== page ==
Here's an example that I see almost everyday in our ED. We often have other RNs float down to the department sometime during the shift from the ICUs, during those high "flux" times and so we get to see a mix of RNs from other places. I can generally tell the age range of an RN by the way they act and perform while floating in the ED, the 20-30's vs 40-50's, etc. Sometimes, it is even how long they have been a nurse <2 years vs 2-5, not age per se (!) The amount of time spent away from the ED (smoking, generally), amount of time on FaceBook (don't get me started), amount of time spent at the desk vs at the bedside, amount of time on their personal cellphone (texting), and, this one, "I can't take an assignment!" We have actually sent RNs away, choosing, as a group to just "suck it up" and forgo the pain of putting up with with this person's "help" or attitude, as the case may be. Note I typed "group" here.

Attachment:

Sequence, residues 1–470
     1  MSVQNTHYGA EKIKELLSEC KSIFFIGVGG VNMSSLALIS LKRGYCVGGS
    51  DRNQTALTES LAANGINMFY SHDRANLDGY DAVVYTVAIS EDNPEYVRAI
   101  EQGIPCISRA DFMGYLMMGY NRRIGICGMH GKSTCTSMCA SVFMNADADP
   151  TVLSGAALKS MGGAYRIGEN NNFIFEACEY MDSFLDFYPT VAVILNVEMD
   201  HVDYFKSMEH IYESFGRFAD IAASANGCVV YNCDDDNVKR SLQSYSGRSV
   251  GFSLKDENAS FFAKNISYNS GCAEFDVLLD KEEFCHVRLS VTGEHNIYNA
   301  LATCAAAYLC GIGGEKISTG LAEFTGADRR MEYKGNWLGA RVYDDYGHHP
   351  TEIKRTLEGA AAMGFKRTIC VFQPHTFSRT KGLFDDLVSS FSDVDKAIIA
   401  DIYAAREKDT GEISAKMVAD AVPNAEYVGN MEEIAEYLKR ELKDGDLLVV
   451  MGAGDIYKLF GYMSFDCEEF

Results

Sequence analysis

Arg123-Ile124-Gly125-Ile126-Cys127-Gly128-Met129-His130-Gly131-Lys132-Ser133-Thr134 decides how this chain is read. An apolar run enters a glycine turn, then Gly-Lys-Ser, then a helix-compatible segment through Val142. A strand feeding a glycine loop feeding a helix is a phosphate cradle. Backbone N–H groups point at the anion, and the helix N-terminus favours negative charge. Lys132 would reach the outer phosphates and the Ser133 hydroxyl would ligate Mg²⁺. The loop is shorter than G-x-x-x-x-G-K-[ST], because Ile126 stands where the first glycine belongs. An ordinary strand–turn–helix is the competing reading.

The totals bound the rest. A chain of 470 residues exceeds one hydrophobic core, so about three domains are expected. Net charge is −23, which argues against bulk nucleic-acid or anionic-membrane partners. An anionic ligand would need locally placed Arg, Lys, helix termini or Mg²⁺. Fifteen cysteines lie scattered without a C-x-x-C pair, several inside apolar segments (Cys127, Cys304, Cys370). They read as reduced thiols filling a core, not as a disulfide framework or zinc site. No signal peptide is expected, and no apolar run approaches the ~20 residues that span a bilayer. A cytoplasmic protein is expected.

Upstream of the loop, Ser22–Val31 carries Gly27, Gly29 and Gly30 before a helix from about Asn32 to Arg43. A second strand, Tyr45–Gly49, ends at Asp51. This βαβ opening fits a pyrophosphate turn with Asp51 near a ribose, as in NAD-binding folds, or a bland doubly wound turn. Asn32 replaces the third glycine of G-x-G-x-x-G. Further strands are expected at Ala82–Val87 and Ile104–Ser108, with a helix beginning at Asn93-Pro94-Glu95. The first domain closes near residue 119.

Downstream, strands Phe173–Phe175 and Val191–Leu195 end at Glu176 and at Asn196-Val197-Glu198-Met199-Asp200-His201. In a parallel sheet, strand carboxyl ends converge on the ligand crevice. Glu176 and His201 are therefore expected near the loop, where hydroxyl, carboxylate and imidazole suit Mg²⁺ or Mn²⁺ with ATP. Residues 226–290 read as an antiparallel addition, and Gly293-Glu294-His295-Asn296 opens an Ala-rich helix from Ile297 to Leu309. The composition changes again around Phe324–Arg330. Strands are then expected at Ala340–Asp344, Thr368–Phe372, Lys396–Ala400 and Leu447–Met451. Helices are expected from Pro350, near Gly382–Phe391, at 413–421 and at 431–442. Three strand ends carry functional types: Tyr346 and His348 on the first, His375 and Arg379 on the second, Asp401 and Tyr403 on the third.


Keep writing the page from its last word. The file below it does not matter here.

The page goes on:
So, you see what I'm getting at. This doesn't always hold true, I've seen many folks in their early 20's that just blew me away, very altruistic, professional, awe inspiring. But in "general terms" you won't find many other professions who use early 20 somethings to orient new recruits. Nursing, however, doesn't always have much of a choice.
Again, I'm not trying to tear anyone down here because of their age group. Everyone's experience is totally different depending upon department, area, location, type and yes, age/gender of their situation. We have to recognize, appreciate and exploit our strengths/differences to better serve ourselves and our customers. I was trying to help someone understand why and/or how their experience was not going well. Without actually "being there" it's difficult to actually understand what's going on.